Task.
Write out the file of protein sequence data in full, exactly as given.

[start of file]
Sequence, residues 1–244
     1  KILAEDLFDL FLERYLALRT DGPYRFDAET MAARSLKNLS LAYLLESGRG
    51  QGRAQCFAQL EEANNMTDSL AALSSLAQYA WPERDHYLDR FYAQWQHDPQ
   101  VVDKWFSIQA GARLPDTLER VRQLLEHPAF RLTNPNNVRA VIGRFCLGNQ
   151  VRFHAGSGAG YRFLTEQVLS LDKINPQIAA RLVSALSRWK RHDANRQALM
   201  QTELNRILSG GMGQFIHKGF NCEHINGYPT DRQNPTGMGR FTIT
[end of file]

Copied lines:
Sequence, residues 1–244
     1  KILAEDLFDL FLERYLALRT DGPYRFDAET MAARSLKNLS LAYLLESGRG
    51  QGRAQCFAQL EEANNMTDSL AALSSLAQYA WPERDHYLDR FYAQWQHDPQ
   101  VVDKWFSIQA GARLPDTLER VRQLLEHPAF RLTNPNNVRA VIGRFCLGNQ
   151  VRFHAGSGAG YRFLTEQVLS LDKINPQIAA RLVSALSRWK RHDANRQALM
   201  QTELNRILSG GMGQFIHKGF NCEHINGYPT DRQNPTGMGR FTIT